Miraculous Cauldrons Of The Ancient Celtic World

A. Sutherland - AncientPages.com - The cauldron, or vessel, is a widely recognized symbol in Celtic tradition. It has existed since the earliest recorded times, as evidenced by archaeological findings, folktales, and myths of the Celtic world.

There are typically three kinds of these miraculous cauldrons or vessels: one represents abundance and food, another signifies healing and quickly restores the dead to life, and the third contains magical potions of wisdom and inspiration.

Miraculous Cauldrons Of The Celtic Ancient World

Credit: Adobe Stock - Irene

The most famous cauldrons of inspiration belonged to the witch Ceridwen. Her magical potion endowed Taliesin, often referred to as the grand Bard of the Britons, with all-knowing insight.

Ceridwen once prepared a magic brew in her cauldron. After a year of boiling, it was to be given three blessed drops. Whoever swallowed these drops would know all the secrets of the past, the present, and the future. It was all about those three drops because the rest of the brew was poisonous.

The Taliesin's story is similar to that of Fionn mac Cumhail, a famous, legendary Irish hero and a leader of the Fianna elite volunteer fighters and huntsmen.

Once, Fionn accidentally gained all knowledge of the world. One day, he met a poet on the bank of the Boyne River and studied with him for seven years. At the end of this period, the poet caught the Salmon of Knowledge, and Fionn, unaware of its power, cooked it for his master. During cooking, he accidentally pierced the scar on the salmon's body, burning his thumb, which was stuck to a piece of salmon skin. Sucking his aching finger, Fionn swallowed this piece, thus absorbing the wisdom of the salmon. He acquired clairvoyance and all the powers and knowledge of the salmon.

In Wales, the Otherworld was called Annwn, and it was the kingdom featured in the story about Pwyll, the Prince of Dyfed and husband of Rhiannon, known from the collection Mabinogion, a cycle of Welsh sagas written in the Middle Ages.

In The Spoils of Annwn", an episode of 'The Book Taliesin' dated to the 9th and 12th centuries, there is also a magical cauldron, the 'Cauldron of Annwn' ('Very Deep').

Arthur's quest to recover this vessel of plenty cost the lives of most of his men. It is said that King Arthur and his men traveled to Annwm - the Land of the Dead - to meet the Lord of Death and obtain the cauldron. The Annwn's cauldron - adorned with flowers, pearls (or diamonds) was beautiful.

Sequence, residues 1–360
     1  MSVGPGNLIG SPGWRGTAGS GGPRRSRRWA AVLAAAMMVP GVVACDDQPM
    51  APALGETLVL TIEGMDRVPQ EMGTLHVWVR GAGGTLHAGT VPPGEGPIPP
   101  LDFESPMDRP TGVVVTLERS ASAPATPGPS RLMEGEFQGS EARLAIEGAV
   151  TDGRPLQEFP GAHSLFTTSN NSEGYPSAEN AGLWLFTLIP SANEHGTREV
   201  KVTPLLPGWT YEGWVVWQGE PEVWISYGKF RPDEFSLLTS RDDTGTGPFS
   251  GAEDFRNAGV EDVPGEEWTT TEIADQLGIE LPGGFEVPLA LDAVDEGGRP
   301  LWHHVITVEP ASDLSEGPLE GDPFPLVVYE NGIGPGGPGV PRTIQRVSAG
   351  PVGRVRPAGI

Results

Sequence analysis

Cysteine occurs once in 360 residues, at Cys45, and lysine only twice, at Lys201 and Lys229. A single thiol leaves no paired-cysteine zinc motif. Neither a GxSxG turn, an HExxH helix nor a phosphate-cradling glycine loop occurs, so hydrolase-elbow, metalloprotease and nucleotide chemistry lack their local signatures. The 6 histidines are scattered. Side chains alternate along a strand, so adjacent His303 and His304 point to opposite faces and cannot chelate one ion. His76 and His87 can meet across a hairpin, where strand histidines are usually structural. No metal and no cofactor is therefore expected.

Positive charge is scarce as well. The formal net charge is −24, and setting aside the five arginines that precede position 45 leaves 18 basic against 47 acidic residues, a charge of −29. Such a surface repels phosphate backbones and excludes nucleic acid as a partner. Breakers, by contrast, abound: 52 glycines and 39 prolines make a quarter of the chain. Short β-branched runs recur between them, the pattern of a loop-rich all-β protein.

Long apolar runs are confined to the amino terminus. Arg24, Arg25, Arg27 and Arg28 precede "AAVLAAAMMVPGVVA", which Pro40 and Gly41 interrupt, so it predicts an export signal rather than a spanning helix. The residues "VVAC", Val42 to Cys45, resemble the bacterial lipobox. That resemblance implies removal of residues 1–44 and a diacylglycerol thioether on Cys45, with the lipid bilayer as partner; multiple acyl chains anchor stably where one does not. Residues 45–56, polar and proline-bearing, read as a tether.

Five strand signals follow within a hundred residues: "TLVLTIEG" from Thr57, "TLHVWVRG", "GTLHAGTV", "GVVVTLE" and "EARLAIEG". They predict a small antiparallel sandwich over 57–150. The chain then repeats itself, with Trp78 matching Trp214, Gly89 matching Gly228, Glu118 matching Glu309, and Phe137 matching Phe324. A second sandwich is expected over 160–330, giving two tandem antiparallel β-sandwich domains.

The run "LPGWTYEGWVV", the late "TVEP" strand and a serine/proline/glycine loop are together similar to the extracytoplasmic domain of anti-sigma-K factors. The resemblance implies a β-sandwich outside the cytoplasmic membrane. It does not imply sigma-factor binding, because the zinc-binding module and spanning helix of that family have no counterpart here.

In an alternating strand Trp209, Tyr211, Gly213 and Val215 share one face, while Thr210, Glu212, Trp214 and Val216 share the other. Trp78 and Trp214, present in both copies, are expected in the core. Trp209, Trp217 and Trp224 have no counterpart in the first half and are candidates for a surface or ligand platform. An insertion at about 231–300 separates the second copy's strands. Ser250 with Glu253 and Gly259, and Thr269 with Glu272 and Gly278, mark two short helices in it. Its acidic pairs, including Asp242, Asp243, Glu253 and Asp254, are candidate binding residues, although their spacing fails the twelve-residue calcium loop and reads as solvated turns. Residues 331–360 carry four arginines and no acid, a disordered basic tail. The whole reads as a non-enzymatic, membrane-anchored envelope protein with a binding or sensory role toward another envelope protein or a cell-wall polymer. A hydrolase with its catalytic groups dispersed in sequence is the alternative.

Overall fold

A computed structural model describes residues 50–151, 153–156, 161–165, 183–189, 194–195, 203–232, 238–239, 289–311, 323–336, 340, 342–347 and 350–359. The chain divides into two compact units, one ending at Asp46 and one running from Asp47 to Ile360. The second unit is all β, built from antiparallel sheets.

Miraculous Cauldrons Of Celtic Ancient World

Ceridwen and her cauldron. Print by J.E.C. Williams in the book 'Y Mabinogion', trans. J.M. Edwards (Wrexham, 1901). Credit: Public Domain

Legend has it that the object was also 'cooled by the breath' of the nine maidens protecting it. As with many other magical cauldrons, this one had various abilities, including never boiling food for cowards, liars, and perjurers.

In Welsh mythology, the cauldron of Bran the Blessed had the power to restore the dead to life. The deceased's body was to be placed in the cauldron, and the next day, they would emerge not only alive but also in peak physical condition. Unfortunately, a side effect of the cauldron was that those resurrected lost the ability to speak.

In Valhalla, the Viking warriors' dream destination, the men killed in the war were miraculously cured of their wounds and could contemplate the pleasures of feasting and fighting endlessly. The meat of a magic boar was prepared as a delicious stew in an inexhaustible cauldron. The same boar was eaten day after day through a process of resurrection.

There is another fantastic cauldron in Norse mythology, and it tells that the great Aegir, the Jotun lord of the sea, stumbled upon a difficult task; he did not possess a large cauldron to brew ale for all the gods.

Eventually, mighty Thor picked up the massive kettle for him, and for many nights, the Aesir gods drank deep from the frost giant Hymir's cauldron in Aegir's halls.

Irish lore says that when the Tuatha de Danann came to Ireland, they carried with them four magical treasures and among them was also the cauldron of the Dagda, delivered from the city of Murias by the druid Semias.

Dagda, o bom deus, by Jordan Brito - Public Domain - CC BY-SA 4.0

The cauldron had the magical ability to provide an endless supply and variety of food, ensuring that no one ever went hungry. As a result, the cauldron could never be emptied. But his cauldron even combined the magical properties of plenty and rebirth. It was believed to heal the sick and raise the dead.

Only a righteous man could benefit from it.

Celtic cauldrons varied in size, but those of the god Dagda were particularly impressive. They were so large that they could only be transported on wheels or with the help of a chariot.

Written by – A. Sutherland  - AncientPages.com Senior Staff Writer

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Expand for references


Peter Berresford Ellis, A Brief History of the Druids

Ellen Lloyd, Celtic Valhalla And Sacred Wells – Magic Of Invisible Worlds

A. Sutherland, "Fionn Mac Cumhail: Legendary Irish Hero, Clairvoyant And Leader Of Fianna Warriors"

A. Sutherland, Enigmatic Cernunnos – Most Ancient, Stag-Antlered, Peaceful God Of Celtic People

A. Sutherland, Thor And Tyr Journey To Hymir’s Hall To Steal Huge Cauldron – In Norse Mythology

Cotterell, A. A Dictionary of World Mythology